Military News

Friday, February 13, 2009

Air Forces Africa Works to Boost Nigerian Air Safety

By Air Force Maj. Paula Kurtz
Special to American Forces Press Service

Feb. 13, 2009 - While taking to the skies has some inherent risk, advances in technology, stringent maintenance requirements and rigorous training procedures for aircrews have contributed to a safe aerial environment in most parts of the world. But some parts of the world lack basic infrastructure and technology such as radar or air traffic control. Formal maintenance programs for aircraft do not exist, and communication between pilots and ground personnel is sporadic or nonexistent.

These are just a few of the air domain challenges faced by many of the 54 nations that make up the African continent. Since it stood up as the air component for U.S. Africa Command on Oct. 1, members of U.S. Air Forces Africa have been building a program aimed at bolstering air safety and security on the continent.

Air Force Lt. Col. David MacKenzie, deputy director of the plans directorate, traveled to Nigeria in January to work with Nigerian and U.S. aviation experts on charting the future of Nigeria's air domain program and to give a presentation on the U.S. search and rescue program and its capabilities.

"This was really a comprehensive and synchronized effort ... to enhance partner capacity in building Nigeria's air domain," MacKenzie said.

During the first portion of his visit, MacKenzie brought his expertise as a C-130 pilot and instructor to an assessment of the Nigerian air force's C-130 fleet and its logistics program. With only one of Nigeria's eight C-130s currently airworthy, the team evaluated the others for possible reconstitution, placing heavy emphasis on the maintenance required to keep them safely in the air.

"It's not just about fixing the aircraft," MacKenzie said. "There is a big sustainment piece in the supply, logistics and training areas as well. Spare parts should be available, and a supply system for technical orders and back-shop equipment, plus training for your maintenance, communications and supply people is required."

Ultimately, the goal of rebuilding the C-130 fleet is to facilitate Nigeria's commitment to contribute more support to peacekeeping operations on the continent through airlift of indigenous or neighboring troops and equipment, officials said. On the ground, Nigeria is building a force of seven peacekeeping battalions to support African Union and United Nations peacekeeping operations in Liberia, Sudan and Somalia.

"Right now, they have very limited ways to get people to the fight or sustain them when they are there," MacKenzie said.

His findings during this assessment will help to shape future theater security cooperation plans with Nigeria as issues are addressed through military-to-military capacity-building events led by the California National Guard in the State Partnership Program, joint exercises, conferences and senior-leader engagements.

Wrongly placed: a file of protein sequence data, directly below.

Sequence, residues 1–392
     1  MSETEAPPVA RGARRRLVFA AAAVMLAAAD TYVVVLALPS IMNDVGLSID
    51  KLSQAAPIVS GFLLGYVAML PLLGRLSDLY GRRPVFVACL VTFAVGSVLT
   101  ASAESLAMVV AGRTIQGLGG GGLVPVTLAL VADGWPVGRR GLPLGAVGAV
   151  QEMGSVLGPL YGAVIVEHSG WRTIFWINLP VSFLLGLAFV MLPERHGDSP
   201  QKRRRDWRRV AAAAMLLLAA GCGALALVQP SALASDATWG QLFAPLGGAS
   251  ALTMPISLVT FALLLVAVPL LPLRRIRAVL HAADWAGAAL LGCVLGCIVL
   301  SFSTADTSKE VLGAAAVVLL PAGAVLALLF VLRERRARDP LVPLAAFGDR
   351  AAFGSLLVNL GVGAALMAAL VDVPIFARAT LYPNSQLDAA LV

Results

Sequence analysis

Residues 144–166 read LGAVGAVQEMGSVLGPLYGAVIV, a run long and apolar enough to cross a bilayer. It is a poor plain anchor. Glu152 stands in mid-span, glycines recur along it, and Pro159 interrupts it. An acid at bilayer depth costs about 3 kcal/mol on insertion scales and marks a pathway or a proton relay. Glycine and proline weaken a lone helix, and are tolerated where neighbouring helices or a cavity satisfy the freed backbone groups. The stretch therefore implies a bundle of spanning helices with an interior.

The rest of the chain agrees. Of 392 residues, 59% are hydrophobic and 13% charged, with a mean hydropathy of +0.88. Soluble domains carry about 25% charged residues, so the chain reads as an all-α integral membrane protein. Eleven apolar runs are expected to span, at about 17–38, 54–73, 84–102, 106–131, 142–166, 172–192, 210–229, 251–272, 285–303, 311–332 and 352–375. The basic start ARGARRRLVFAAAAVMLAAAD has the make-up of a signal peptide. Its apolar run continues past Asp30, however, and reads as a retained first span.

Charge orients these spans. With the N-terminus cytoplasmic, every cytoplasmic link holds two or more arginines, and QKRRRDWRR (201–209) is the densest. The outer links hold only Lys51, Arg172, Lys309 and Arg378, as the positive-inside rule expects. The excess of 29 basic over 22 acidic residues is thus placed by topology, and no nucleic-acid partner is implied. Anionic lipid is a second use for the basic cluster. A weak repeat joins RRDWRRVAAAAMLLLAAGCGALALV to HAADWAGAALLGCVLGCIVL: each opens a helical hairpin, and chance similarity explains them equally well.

While the Nigerian air force is focused on refurbishing its C-130 fleet, its civil aviation leaders are taking a hard look at equally important search and rescue procedures.

"Search and rescue really takes a coordinated approach," MacKenzie said Jan. 20 in Abuja, the country's capital. "They discussed the need to exercise their programs ... through tabletop and field exercises ... so they'll be better prepared when something happens. That's not the time you want to be testing your communications and procedures."

MacKenzie used the recent U.S. Airways emergency landing in New York's Hudson River as an example of well-practiced rescue procedures.

"We talked about the quick response of the rescue folks on the ground as part of that success story," MacKenzie said. "Those who had boats in the water -- Park Service, ferry operators, New York City police -- wasted no time in getting to the wreckage to render aid to the survivors. That was critical in minimizing injuries and saving lives."

Though acknowledging the Nigerian air domain has "significant gaps" in its safety and security procedures, MacKenzie was quick to compliment officials on their bird and safety hazards program, describing the country's main port city, Lagos, as a "sprawling city with lots of birds" that pose hazards to aircraft.

A three-tiered air domain safety and security program is designed to capitalize on "natural air linkages," where U.S. Air Force programs and capabilities can contribute to increasing capacity within the military and civil aviation programs on the continent.

Speaking at the African Aviation Leadership Conference in August, a Federal Aviation Administration official noted that in the 10-year period between 1994 and 2004, African nations accounted for only 4.5 percent of the world's total air traffic, but had a startling 25 percent of aviation accidents.

"We hope the Nigerians establish a safe and efficient air domain model in Nigeria, and hope it takes root and spreads," MacKenzie said. "It will if the leaders there have the political will to share and teach others in the region."

(Air Force Maj. Paula Kurtz serves with the 17th Air Force public affairs office.)